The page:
Background: The development of novel diagnostics enables increasingly earlier diagnosis of Alzheimer's disease (AD). Timely diagnosis may benefit patients by reducing their uncertainty regarding the cause of symptoms, yet does not always provide patients with the desired certainty. Objective: To examine, using both quantitative and qualitative methods, uncertainty communicated by memory clinic clinicians in post-diagnostic testing consultations with patients and their caregivers. Methods: First, we identified all uncertainty expressions of 22 clinicians in audiotaped post-diagnostic testing consultations with 78 patients. Second, we statistically explored relationships between patient/clinician characteristics and uncertainty expressions. Third, the transcribed uncertainty expressions were qualitatively analysed, determining the topic to which they pertained, their source and initiator/elicitor (clinicians/patients/caregivers). Results: Within 57/78 (73%) consultations, clinicians expressed in total 115 uncertainties, of which 37% elicited by the patient or caregiver. No apparent relationships were found between patient/clinician characteristics and whether or not, and how often clinicians expressed uncertainty. Uncertainty expressions pertained to ten different topics, most frequently patient's diagnosis and symptom progression. Expressed uncertainty was mostly related to the unpredictability of the future and limits to available knowledge. Discussion and conclusions: The majority of clinicians openly discussed the limits of scientific knowledge and diagnostic testing with patients and caregivers in the dementia context. Noticeably, clinicians did not discuss uncertainty in about one quarter of consultations. More evidence is needed on the beneficial and/or harmful effects on patients of discussing uncertainty with them. This knowledge can be used to support clinicians to optimally convey uncertainty and facilitate patients' uncertainty management.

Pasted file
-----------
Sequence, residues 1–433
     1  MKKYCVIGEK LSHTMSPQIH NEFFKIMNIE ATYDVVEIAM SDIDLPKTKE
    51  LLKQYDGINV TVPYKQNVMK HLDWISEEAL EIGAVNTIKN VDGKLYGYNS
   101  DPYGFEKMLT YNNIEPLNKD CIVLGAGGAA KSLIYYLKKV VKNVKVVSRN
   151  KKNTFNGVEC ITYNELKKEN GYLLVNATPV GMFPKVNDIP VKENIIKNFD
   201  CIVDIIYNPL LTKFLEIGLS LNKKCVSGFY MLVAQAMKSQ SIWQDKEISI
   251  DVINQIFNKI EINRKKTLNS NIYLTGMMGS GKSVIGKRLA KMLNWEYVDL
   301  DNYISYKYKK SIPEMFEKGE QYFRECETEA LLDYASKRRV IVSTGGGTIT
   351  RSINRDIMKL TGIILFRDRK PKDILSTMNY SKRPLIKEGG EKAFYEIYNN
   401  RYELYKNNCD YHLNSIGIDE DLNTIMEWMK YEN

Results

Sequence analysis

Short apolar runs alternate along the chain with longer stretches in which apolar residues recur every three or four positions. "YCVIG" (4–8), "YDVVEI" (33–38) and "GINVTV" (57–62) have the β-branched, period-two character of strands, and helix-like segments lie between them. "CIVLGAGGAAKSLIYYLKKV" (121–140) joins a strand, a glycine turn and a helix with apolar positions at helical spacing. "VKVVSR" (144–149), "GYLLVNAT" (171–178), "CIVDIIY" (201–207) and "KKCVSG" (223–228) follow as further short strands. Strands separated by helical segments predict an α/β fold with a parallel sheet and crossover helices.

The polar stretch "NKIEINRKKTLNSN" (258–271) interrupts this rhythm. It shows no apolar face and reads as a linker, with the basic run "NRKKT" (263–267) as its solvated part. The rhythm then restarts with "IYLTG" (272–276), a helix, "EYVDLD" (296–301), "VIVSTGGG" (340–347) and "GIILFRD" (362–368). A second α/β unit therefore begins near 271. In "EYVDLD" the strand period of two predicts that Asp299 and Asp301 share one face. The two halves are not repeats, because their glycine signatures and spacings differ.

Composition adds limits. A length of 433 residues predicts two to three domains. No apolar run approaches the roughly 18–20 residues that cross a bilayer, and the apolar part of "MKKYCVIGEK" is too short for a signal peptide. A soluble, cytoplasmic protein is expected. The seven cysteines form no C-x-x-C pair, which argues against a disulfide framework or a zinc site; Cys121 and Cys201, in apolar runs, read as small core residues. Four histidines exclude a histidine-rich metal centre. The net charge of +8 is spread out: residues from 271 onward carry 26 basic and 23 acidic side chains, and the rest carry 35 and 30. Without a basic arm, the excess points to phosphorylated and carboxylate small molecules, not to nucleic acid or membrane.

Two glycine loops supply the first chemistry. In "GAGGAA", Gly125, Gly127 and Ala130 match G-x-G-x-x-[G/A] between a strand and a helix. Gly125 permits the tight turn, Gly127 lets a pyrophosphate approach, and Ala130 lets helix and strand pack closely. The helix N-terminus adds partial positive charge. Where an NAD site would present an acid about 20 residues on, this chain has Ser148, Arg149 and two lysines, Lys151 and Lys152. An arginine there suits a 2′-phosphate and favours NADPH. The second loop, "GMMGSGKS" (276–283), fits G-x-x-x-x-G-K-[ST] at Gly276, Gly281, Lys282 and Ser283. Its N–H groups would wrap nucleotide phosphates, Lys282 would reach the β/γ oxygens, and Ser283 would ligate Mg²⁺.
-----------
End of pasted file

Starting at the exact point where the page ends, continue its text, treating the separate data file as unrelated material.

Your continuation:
- Alzheimer's disease
- diagnostic work-up
- memory clinic
- physician-patient communication